838
838
Horsburgh, Ellice Martin (1870-1935), editor
TWO EDITIONS OF THE HANDBOOK RELATING TO THE NAPIER TERCENTENARY EXHIBITION:
Estimate
7001,000
LOT SOLD. 875 GBP
JUMP TO LOT
838
Horsburgh, Ellice Martin (1870-1935), editor
TWO EDITIONS OF THE HANDBOOK RELATING TO THE NAPIER TERCENTENARY EXHIBITION:
Estimate
7001,000
LOT SOLD. 875 GBP
JUMP TO LOT

Details & Cataloguing

The Erwin Tomash Library on the History of Computing

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London

Horsburgh, Ellice Martin (1870-1935), editor
TWO EDITIONS OF THE HANDBOOK RELATING TO THE NAPIER TERCENTENARY EXHIBITION:
i. Napier tercentenary celebration. Handbook of the exhibition of Napier's relics and of books, instruments, & devices for facilitating calculation. Edinburgh: Royal Society of Edinburgh, 1914, first edition, plates, modern black cloth with original pale blue wrappers affixed to covers, (bought from Graham Weiner), [T&W H165; Origins of Cyberspace 322; Randell 1979 p.138], minor foxing to wrappers and preliminaries
ii. Modern Instruments and Methods of Calculation. A Handbook of the Napier Tercentenary Exhibition. London: G. Bell & Sons and the Royal Society of Edinburgh, [1915], manuscript notes dated 29 July 1933 on front endpaper and incorporating corrections by Comrie on p.48, original green cloth, preserved in folding cloth box, ownership signatures of J.P. Johnston and (?) Chas. D. Humberd, (bought from Jonathan Hill, 1979), [T&W H166; Origins of Cyberspace 323], cloth slightly nicked and worn at extremities, hinges starting, minor spotting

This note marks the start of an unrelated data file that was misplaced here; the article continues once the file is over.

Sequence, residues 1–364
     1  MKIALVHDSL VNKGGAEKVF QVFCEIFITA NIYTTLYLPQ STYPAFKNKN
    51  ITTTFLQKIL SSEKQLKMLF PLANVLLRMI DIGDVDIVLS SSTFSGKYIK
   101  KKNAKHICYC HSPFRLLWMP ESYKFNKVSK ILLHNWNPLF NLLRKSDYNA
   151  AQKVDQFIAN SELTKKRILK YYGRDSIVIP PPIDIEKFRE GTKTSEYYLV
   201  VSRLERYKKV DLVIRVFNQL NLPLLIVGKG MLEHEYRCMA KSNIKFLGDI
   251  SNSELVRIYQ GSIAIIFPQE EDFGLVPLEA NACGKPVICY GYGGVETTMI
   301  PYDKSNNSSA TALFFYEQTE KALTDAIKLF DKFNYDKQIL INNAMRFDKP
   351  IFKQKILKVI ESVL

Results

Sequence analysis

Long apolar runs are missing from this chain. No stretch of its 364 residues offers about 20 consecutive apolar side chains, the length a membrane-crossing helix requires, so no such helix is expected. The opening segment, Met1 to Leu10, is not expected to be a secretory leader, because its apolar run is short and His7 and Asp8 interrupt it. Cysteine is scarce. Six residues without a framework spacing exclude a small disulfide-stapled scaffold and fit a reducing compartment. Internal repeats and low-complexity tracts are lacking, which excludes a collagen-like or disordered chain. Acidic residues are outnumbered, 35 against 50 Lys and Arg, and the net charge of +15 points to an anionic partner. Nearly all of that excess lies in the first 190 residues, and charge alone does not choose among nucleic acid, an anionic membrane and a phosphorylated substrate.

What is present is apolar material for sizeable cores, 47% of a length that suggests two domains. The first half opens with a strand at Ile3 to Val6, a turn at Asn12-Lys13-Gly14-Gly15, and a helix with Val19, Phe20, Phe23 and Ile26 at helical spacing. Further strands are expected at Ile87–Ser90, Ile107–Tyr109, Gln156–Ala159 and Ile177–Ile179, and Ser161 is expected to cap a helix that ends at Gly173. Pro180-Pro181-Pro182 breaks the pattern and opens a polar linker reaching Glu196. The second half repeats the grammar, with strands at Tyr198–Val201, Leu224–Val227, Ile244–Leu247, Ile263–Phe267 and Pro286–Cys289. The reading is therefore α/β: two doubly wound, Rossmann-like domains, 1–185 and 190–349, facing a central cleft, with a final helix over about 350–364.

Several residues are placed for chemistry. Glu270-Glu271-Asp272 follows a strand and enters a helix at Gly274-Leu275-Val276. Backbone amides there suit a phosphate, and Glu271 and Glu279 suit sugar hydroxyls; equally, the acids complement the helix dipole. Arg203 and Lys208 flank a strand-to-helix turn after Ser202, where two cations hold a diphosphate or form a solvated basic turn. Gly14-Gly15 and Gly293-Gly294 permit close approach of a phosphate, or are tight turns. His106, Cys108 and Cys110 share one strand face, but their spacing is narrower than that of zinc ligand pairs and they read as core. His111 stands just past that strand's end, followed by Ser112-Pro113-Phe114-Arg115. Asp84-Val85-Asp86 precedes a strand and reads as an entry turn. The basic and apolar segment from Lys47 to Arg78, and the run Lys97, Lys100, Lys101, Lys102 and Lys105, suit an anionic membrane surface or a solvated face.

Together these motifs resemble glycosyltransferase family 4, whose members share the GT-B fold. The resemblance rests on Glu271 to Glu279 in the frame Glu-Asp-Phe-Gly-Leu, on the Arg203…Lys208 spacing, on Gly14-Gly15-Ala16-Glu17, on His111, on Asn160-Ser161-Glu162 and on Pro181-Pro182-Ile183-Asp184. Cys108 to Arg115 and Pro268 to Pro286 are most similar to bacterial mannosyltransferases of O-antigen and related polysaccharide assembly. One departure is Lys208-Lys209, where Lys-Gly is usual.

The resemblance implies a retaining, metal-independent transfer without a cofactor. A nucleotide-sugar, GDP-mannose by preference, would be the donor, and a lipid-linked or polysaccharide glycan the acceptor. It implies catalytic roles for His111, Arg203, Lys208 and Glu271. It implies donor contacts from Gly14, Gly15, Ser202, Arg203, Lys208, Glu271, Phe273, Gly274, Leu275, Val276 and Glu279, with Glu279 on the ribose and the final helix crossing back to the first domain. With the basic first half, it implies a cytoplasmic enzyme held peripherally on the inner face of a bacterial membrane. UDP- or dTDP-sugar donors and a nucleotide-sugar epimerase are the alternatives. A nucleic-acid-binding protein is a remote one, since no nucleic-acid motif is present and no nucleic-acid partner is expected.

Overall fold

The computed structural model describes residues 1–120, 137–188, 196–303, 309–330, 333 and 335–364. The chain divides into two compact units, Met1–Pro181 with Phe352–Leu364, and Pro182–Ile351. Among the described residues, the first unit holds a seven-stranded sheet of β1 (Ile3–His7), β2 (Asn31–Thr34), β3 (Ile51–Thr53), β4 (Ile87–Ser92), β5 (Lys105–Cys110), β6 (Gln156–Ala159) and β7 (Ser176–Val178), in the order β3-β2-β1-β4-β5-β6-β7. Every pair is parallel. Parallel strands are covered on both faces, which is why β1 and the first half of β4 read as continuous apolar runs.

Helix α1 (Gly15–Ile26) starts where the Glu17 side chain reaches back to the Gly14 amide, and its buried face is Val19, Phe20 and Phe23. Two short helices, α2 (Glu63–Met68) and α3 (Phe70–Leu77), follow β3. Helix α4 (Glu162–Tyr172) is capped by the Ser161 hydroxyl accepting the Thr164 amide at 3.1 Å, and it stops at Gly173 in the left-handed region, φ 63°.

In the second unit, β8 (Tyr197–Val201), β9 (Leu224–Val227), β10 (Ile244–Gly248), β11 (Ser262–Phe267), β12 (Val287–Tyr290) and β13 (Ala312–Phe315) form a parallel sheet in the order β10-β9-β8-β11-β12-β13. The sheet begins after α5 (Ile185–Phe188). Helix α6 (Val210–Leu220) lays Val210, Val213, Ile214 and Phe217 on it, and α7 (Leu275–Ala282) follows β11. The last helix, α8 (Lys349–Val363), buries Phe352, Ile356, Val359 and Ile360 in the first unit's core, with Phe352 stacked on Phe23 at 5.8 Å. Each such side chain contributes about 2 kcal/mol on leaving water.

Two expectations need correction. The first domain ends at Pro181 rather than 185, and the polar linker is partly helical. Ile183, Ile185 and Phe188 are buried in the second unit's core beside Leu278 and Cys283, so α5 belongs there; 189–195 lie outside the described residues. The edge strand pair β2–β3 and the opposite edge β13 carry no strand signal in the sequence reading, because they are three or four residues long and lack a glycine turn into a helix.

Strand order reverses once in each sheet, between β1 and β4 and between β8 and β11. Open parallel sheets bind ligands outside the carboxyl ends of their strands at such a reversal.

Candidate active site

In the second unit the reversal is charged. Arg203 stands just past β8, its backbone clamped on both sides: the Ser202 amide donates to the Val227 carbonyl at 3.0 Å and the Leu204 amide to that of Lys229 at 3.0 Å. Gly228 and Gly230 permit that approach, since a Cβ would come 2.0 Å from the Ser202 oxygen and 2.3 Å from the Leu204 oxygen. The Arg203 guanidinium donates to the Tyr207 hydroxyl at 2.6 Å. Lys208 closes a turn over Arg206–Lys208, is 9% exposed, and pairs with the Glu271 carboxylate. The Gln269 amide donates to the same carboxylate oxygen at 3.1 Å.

large 8vo (2)
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Catalogue Note

FIRST EDITION of the rare catalogue presented to those who attended the Napier exhibition, together with the later hard-cover edition with a slightly altered title-page. The exhibition marked the three-hundredth anniversary of the publication of Mirifici Logarithmorum Canonis Descriptio, in which Napier described his invention of logarithms. The celebration was held between 24 and 27 July 1914, but the conference on mathematical computation planned for shortly afterwards was cancelled owing to the rising political tensions in Europe, with most delegates (who had attended from the UK, France, Germany and elsewhere) leaving Edinburgh five days before the outbreak of World War I. The volume contains the best description of the machines, instruments and calculation techniques used prior to 1914.

The Erwin Tomash Library on the History of Computing

|
London